Bjorn blips lets others in

Thomas Bjorn threw the BMW PGA Championship wide open on Sunday with a triple-bogey seven on the sixth hole of the final round at Wentworth.

Bjorn began the day with a five-shot lead over two-time winner Luke Donald and although Shane Lowry reduced the gap with an eagle on the fourth and birdie on the fifth, Bjorn was still four clear when he birdied the fourth.

However, the 43-year-old Dane then failed to get up and down from a greenside bunker on the fifth and found even worse trouble in sand on the next.

Bjorn failed to escape from a fairway bunker at the first attempt and only a nifty bit of footwork prevented the ball rebounding back and hitting his left foot, which would have meant a one-shot penalty.

After splashing out of the sand with his third shot, Bjorn found a greenside bunker with his approach and needed three more shots to finish the 418-yard par four.

That left the former Wentworth resident tied for the lead with Lowry on 12 under par, with Rory McIlroy just two behind after one eagle, one birdie and one bogey in his first seven holes.

Scotland's Stephen Gallacher was producing the best golf of the day with six birdies in 14 holes - four of them in succession from the 11th - taking the Dubai Desert Classic winner to nine under.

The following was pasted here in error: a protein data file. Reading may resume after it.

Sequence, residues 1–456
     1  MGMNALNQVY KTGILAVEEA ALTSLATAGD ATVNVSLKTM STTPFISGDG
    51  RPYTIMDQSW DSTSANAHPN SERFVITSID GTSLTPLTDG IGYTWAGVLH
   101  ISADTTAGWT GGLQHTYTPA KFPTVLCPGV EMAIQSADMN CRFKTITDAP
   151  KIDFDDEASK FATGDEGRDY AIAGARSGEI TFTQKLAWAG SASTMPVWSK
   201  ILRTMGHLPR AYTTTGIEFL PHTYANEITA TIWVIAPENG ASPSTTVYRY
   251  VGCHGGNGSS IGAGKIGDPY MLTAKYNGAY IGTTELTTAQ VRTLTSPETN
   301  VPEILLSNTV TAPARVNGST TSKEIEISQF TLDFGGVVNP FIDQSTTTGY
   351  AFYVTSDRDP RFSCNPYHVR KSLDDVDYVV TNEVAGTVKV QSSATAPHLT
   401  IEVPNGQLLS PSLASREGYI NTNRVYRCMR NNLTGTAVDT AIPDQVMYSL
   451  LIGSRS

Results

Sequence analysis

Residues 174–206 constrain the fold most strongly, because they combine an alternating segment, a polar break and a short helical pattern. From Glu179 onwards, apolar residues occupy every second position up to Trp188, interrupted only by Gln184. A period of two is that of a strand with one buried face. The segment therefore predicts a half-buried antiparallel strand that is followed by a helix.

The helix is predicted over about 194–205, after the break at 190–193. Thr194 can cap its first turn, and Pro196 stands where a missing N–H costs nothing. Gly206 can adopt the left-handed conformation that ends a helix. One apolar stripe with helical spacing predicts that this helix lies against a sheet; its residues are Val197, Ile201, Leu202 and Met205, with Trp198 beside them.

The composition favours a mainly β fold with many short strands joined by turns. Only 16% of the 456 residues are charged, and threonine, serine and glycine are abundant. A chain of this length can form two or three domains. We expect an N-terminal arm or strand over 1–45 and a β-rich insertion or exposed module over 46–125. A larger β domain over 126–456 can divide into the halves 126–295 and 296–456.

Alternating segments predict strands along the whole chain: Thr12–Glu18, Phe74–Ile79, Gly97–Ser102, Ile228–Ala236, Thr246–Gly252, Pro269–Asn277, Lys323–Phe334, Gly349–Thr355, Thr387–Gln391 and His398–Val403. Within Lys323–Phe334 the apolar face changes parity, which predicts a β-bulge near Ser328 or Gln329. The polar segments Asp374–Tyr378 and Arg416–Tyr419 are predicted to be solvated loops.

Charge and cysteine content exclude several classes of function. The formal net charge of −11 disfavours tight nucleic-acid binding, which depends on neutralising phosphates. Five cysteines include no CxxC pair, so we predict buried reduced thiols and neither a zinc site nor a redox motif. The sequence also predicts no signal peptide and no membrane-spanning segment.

A bogey from Lowry on the ninth left Bjorn out in front once more, but a

rollercoaster final round soon took another twist.

Bjorn also dropped a shot on the ninth after coming up short of the green with his approach and Lowry promptly holed from 20 feet for a birdie on the 10th, the two-shot swing taking the former Irish Open winner into the lead.

McIlroy had fallen three off the pace with a bogey on the ninth but chipped in for birdie on the 10th to remain firmly in contention.

Lowry also birdied the 11th and 12th to briefly enjoy a three-shot lead, but McIlroy birdied the 13th and Bjorn the 12th to both get within two.

And when Lowry drove into trouble on the 13th to run up a double-bogey six, there was a three-way tie at the top on 12 under par.